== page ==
An interview with Protopriest Valerian Krechetov, the senior father- confessor  in the Moscow Diocese and head priest of the Church of the Protection in the village of Akulovo, Moscow Province.
Q: Father Valerian, how would you explain to a church-newcomer what confession is and why it is necessary?
Once a professor at a theological academy gave my father, also a priest, this question during an exam: "Tell me, young batiushka , (and my father was already in his fifties; he was 49 when he entered the seminary), what does God do when he wants to bring someone to Himself?
My dad answered this way and that, and the old professor agreed. Yet towards the end, to get at the heart of the matter, he asked, "And what is the most important?"
He himself answered, "He sends a person spiritual heaviness and sorrow of soul, so that the person will seek God, so that he will realize that he cannot be delivered from that condition by any earthly means."
And I think this is very true! During his life, a person constantly and inescapably runs into the consequences of his sins. There is a saying, "Live in such a way during the day, so that at night your conscience won't bite." This is an expression of folk wisdom; it is certainly true that one's sleep is disturbed by impressions of what one did, said, or saw during the day. It seems that everything has gone without problems, but then one begins to ponder on some incident or other, and hears a certain voice saying something to him, the voice of conscience. Sometimes a person, seeing that what he has done is irrevocable, takes a terrible step: he decides to "deliver" himself from this earthly life, or he begins to drink. And thus a person falls into a state even more ruinous than that from which he is fleeing. All of this is but anesthesia; the person can't cure the disease, but he gets rid of the symptoms, or at least numbs himself to them.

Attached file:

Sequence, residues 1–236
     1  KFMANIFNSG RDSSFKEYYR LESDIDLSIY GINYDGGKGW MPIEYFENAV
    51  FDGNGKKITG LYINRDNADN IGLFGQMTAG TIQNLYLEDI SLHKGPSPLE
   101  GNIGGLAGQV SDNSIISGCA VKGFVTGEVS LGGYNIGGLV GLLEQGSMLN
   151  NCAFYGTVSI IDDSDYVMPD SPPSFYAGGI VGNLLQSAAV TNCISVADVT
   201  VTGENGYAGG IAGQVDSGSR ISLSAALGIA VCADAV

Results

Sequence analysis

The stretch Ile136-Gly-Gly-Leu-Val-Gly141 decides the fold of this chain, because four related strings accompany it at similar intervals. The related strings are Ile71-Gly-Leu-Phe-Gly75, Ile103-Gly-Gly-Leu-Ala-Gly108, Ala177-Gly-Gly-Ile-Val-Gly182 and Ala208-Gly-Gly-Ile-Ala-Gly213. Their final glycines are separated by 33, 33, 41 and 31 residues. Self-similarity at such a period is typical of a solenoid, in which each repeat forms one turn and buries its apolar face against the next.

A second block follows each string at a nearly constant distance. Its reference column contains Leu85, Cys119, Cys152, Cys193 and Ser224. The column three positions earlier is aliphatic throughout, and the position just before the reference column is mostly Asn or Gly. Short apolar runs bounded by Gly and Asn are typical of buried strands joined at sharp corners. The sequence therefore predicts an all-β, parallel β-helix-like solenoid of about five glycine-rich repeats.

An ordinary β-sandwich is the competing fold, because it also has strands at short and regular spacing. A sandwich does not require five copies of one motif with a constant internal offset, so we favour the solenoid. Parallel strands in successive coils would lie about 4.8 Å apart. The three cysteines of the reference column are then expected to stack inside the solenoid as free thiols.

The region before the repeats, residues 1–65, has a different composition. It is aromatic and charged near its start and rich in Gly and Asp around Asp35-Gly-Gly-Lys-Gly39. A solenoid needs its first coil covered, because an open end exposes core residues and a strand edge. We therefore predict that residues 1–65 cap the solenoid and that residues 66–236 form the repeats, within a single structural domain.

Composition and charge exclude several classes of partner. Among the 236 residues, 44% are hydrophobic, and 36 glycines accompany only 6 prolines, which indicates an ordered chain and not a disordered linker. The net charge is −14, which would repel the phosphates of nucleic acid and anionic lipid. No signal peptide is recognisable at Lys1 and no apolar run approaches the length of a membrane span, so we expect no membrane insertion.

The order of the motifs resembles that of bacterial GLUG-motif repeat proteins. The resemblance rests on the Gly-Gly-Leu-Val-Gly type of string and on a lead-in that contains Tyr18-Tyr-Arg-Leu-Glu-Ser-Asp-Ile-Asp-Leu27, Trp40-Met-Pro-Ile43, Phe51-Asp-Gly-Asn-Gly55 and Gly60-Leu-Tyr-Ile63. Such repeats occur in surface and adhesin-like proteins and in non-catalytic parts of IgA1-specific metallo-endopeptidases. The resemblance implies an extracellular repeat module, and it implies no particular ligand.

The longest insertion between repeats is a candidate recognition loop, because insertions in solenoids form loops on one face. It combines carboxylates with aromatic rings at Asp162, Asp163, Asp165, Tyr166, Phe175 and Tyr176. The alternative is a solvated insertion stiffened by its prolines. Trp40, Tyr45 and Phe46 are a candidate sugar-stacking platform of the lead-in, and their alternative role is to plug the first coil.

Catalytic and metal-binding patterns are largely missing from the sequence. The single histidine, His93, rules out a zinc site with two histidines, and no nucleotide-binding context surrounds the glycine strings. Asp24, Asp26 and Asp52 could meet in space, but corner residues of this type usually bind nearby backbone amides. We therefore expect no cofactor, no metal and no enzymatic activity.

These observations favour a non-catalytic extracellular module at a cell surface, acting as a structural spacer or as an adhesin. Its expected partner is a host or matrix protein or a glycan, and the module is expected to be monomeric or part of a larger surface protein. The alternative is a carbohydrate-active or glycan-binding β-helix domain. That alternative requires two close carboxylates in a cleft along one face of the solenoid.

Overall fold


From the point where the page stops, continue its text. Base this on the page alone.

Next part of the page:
Searching for a way out of this pain of soul also brings him to see his need for repentance and forgiveness, one of the basic causes compelling a person to go to Church and confession.
Q: It is often asked, "Why does a person have to go to church and confess before a priest? What's wrong with repenting alone, by yourself, before God, at home, for example, without an intermediary?
If confession in a church isn't possible for some reason, then it is possible to confess this way, without an intermediary. But can a neophyte hear when God says, "Very good, I forgive you?" Saint John of Kronstadt, when he sinned in some way, would pray until he received forgiveness and spiritual healingfrom God. But does a neophyte have such a degree of communication with God?
People have a natural need for personal contact. But both in relations with another person and in relations with God, it is very important not only to be understood, but also to have a visible sign that God or the other person understands you. The Lord established it thus, that a person receive His forgiveness through another person: a priest. Whose so ever sins ye remit, they are remitted unto them; and whose so ever sins ye retain, they are retained (John 20:23).
Q: When a person comes to confession, sometimes the question arises: What kind of things specifically should a person confess? Our conscience doesn't seem to bother us, doesn't accuse us of anything; we didn't kill anyone, didn't rob anyone.